Sorry! We Meant To Say Lower Serotonin.

TheDopamines The oversimplistic and illogical idea that mental disorders, including depression and anxiety, are caused by insufficient serotonin levels in the brain, has never been properly demonstrated, and conflicts with a lot of basic physiology showing the role rising serotonin plays in stress, inflammation, and disease.

Regardless, extremely profitable drugs – like SSRI’s (Selective Serotonin Reuptake Inhibitors) and related so called anti-depressants – get prescribed with the intention of increasing levels of serotonin, and this is still a first line of defense for many doctors and psychiatrists. That’s despite the fact that benefits from ‘anti-depressants’ are inconsistent and unreliable, and the most popular ones, have been shown to be potentially very dangerous.

So why do so many people believe purposefully raising serotonin with ‘anti-depressants’, is an effective and safe approach to treating mental dysregulation issues? There are a number of ways to answer that question.

It’s important to remember that many people recover from depression and anxiety, without taking any serotonin raising pharmaceuticals. But there are also many who recover, whilst taking them. Are they getting better because of their medication? Or is it simply that it’s possible to recover, in spite of the reduction in biochemical function, and increase in stress, caused by an intentional greater exposure to serotonin.

Perhaps a better way to look at so called serotonin raising drugs, is to see them as something that has the potential to place an additional layer of biochemical interference and stress, onto preexisting health issues, that metabolic systems then have to attempt to deal with. Some are strong enough to deal with it, some get significantly worse.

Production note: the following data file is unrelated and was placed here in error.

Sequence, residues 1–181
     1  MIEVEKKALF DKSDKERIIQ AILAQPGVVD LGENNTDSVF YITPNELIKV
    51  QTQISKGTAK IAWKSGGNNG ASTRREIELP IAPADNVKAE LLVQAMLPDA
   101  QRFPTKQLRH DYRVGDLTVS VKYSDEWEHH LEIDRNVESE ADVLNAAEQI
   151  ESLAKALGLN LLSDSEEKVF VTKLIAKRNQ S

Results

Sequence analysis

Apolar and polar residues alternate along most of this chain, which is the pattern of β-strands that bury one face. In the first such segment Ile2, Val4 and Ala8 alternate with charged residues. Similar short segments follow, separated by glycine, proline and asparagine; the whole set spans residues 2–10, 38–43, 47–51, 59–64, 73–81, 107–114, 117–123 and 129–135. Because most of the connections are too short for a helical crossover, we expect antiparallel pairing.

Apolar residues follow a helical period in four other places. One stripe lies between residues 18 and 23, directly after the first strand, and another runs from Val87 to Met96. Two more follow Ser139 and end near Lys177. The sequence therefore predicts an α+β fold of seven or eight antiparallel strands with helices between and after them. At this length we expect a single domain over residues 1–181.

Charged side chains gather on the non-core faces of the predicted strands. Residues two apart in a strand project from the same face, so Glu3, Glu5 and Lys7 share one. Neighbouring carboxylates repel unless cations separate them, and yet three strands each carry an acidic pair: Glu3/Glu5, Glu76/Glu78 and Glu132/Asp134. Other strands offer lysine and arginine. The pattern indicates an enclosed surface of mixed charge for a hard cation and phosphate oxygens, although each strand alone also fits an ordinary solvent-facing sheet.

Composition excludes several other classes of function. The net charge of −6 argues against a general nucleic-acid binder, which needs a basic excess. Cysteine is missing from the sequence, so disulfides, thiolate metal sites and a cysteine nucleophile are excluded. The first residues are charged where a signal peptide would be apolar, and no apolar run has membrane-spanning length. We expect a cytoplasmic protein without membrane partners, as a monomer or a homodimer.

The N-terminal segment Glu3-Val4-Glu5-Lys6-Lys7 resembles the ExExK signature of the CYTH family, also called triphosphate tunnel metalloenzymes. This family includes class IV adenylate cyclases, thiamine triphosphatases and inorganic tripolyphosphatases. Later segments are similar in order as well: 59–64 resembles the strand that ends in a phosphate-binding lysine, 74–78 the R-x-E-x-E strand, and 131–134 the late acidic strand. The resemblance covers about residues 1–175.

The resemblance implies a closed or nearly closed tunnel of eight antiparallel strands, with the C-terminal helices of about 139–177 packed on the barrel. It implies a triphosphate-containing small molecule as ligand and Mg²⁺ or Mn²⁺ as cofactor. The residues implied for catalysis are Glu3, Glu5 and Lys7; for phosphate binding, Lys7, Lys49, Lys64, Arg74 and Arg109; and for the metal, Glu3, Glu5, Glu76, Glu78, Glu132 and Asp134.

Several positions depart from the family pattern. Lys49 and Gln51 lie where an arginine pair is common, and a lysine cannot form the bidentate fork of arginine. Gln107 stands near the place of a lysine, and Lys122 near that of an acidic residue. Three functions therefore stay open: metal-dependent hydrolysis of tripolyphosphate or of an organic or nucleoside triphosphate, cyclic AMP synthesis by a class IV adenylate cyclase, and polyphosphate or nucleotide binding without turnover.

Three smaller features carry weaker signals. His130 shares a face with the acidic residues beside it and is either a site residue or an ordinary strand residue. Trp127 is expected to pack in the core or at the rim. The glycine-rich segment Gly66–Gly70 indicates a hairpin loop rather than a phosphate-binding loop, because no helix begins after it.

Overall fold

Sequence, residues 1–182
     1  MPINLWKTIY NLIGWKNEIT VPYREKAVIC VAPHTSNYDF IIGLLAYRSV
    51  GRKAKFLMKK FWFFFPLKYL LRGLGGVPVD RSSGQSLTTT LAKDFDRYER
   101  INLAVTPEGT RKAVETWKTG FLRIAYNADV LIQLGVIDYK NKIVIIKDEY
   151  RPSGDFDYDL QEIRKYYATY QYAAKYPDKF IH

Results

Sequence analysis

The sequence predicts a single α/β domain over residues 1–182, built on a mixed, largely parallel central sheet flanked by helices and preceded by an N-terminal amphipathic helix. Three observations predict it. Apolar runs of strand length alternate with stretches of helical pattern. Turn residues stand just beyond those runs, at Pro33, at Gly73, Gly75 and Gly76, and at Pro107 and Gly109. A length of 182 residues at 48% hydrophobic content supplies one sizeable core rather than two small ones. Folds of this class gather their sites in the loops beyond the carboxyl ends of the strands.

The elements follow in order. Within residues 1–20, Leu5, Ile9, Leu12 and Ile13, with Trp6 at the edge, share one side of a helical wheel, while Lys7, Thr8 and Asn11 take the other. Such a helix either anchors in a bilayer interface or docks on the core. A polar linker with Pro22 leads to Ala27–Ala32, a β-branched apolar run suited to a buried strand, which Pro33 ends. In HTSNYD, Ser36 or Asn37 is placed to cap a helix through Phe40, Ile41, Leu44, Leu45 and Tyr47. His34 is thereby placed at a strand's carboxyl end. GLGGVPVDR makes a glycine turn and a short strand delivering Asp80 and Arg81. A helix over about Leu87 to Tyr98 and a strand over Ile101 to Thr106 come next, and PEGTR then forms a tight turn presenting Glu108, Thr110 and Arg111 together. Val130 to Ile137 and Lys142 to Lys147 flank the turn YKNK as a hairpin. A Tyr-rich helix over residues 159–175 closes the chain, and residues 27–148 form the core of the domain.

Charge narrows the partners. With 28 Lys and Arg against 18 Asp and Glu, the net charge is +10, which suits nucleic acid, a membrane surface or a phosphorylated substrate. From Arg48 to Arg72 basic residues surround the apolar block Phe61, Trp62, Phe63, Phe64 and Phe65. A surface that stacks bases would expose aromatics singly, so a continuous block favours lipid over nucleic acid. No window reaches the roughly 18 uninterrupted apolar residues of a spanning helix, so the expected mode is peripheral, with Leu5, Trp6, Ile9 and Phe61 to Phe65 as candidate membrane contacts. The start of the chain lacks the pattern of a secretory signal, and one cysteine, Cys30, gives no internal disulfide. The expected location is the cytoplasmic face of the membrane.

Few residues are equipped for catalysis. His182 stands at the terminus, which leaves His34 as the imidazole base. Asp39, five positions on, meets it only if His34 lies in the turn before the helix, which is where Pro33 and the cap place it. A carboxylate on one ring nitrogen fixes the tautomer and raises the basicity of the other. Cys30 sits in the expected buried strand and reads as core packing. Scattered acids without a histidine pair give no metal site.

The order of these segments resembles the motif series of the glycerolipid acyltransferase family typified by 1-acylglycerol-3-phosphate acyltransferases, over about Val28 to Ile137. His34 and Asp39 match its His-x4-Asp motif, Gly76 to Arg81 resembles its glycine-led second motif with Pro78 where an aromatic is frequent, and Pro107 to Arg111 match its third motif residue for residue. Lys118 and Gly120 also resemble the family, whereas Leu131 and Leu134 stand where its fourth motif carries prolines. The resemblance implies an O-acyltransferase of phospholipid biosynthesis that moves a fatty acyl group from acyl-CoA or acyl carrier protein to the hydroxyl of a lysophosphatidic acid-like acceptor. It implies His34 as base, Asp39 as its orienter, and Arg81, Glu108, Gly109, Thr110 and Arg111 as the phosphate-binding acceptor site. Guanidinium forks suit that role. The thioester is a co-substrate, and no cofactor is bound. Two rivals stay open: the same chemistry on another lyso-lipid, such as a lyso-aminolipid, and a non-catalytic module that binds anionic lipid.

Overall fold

“Our…claim…is that the direct pharmacological effects of SSRIs are not responsible for symptom reduction…SSRIs cause…a worsening of symptoms…symptom reduction is due to…the brain’s homeostatic mechanisms that attempt to restore energy homeostasis…which explains why symptoms fail to alleviate for several weeks after the initiation of SSRI treatment…” (Andrews PW, et al., 2015)

“The time differential between the onset of 5HT [serotonin] reuptake inhibition by SSRIs (minutes) and onset of their antidepressant efficacy (weeks to months), when considered with their overall poor therapeutic effectiveness, has cast some doubt on the role of 5HT in depression.” (Angoa-Pérez M, et al., 2014)

One of the problems with the official view, is the large amount of biological evidence, pointing to the conclusion, that rising (rather than insufficient) exposure to serotonin, is a central factor promoting learned helplessness-like metabolic symptoms (including anxiety and depression), and related inflammatory diseases. Although metabolic systems have ways of dealing with serotonin excess, it isn’t always easy.

Once you begin to view depression and anxiety, as possible side-effects of excessive and ongoing exposure to stress, and then when you examine the ways that biochemical stress can cause increases in systemic serotonin (and related stress substance) levels, the upside down nature of the ‘official’ doctrine becomes more apparent.

“While the literature on depressed patients is necessarily limited due to the methodological difficulties measuring serotonin…in the human brain, the most pertinent studies support the high serotonin hypothesis…that serotonin transmission is elevated in…depression.” (Andrews PW, et al., 2015)

“We demonstrate invariably increased serotonin synthesis and transporter availability in patients with SAD [social anxiety disorder] relative to healthy controls, which supports an overactive presynaptic serotonin system.” (Frick A, et al., 2015)

Anxiety and depression often go hand in hand, and evidence suggests that lowering exposure to serotonin (in the body and brain) promotes improvements in biological function, and vice versa, increasing protection against many inflammatory degenerative issues. Understanding how this works, can lead to a more effective approach to dealing with psychological disorders in general.